Monday 27 February 2012

Increasing The Value Of Your Home

Modern homes are generally no longer built with fireplaces as the need for open fires is no longer part of our lives and unused chimneys can be drafty. For many this is a pity, as a fireplace can make an interesting and very exciting feature of any room, and in particular a well designed and presented living room that needs something to make it look the part, a well chosen fire, fireplace or stove could even add to the value of your property!
According to one source, homes with fireplaces have a higher resale value because they are considered a luxury feature, adding class and sophistication to a home.  They recommend: "If you live in a home without a fireplace and are thinking of adding one to improve resale value, the electric fireplace can be a good option because this type of fireplace is often the least expensive to purchase and install." Installing a woodburning stove into a period or rustic style property will add a touch of character to a room and further entice buyers to part with that extra bit more cash!
There is little need to explain that fireplaces have been with us for centuries; visit any almost any historical building and you will be presented with a majestic fireplace of an immense size, designed to burn and heat the surroundings, sometimes even used to cook over, all the while with a massive chimney to draw the air away. Moving on and the likes of Adams style fireplaces became the norm – all plaster and carvings – followed in the Victorian era by the beautifully tiled fireplaces so popular and common in even the smallest of homes of that era, each and every one a delight to look at and a thing of beauty.
Of course, in modern times it is quite possible you may live in a house that was built some time ago, and in cases where this is so it is very likely that a fireplace was at one time present in one – or in many – rooms in the house. In Victorian properties it was common practice to have a fireplace in the downstairs and upstairs rooms adjoining the chimney – or in the case of bigger houses with more than one chimney a variety of fireplaces – and over time it is likely that these have been boarded over, sealed and forgotten about.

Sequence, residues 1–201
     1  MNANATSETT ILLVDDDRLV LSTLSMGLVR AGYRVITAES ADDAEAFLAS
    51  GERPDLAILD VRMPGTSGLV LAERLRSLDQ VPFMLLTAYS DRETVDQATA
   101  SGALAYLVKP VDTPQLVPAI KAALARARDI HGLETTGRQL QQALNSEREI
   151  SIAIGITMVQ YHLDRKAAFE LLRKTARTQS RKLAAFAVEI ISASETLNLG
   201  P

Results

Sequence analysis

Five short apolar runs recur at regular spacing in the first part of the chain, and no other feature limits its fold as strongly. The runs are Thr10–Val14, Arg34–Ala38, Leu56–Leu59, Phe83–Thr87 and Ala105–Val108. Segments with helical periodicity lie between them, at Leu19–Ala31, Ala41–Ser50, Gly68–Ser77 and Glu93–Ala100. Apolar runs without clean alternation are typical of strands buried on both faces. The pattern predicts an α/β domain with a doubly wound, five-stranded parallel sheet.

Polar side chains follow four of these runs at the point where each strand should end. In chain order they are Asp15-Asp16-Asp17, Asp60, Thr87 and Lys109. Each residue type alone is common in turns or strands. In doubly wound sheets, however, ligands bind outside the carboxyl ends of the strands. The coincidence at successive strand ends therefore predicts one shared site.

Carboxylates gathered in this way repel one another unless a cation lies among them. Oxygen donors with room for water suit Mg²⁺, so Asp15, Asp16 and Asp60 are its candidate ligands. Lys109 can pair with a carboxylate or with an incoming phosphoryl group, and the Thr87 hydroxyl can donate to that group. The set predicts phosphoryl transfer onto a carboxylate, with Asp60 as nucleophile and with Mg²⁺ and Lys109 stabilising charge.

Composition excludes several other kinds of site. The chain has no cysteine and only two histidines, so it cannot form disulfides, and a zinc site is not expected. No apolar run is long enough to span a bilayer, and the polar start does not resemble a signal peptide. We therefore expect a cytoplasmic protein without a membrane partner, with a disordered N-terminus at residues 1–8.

Tapping the walls where the chimney breast is will give you an idea of whether or not there is a hollow behind, and it is isn't unusual to remove the cladding and find an intact and very beautiful fire surround, sometimes complete with original iron fittings and untouched tiling, as many renovations during the 1950’s and 1960’s centred in modernising houses and hiding away antique features. See this previous article about opening up your fireplace.
Restoring old fireplaces is not a difficult process, especially if yours has simply been hidden away in the years gone by, and when it comes to redesigning a room around a Victorian, Edwardian or other fireplace there is much scope for beauty and style. But be aware, installing a vintage style fireplace in a modern new-build can look very out of place.
The availability these days of modern feature fireplaces is another element of interior design that has taken on a life of its own; some very modern styles of gas powered fireplaces can be found that are both beautiful to look at and extremely functional, and everything from wood burning stoves to minimalist and very extravagant brushed steel designs can be incorporated into fireplaces these days.
Whether your desire is for an antique fireplace or a more modern stone design, a cast iron fireplace or a beautiful and very neat up to the minute version, there is much to be gained from the interior design aspects of fireplaces, and we would strongly recommend that you look around before making your decision.
Fireplaces can be for effect or looks, or for function too, and they make a very stylish and great looking addition to any room; make sure you choose the style that would suit your room or, if you’re one of the lucky ones, why not open out that old fireplace and restore it to good as new?

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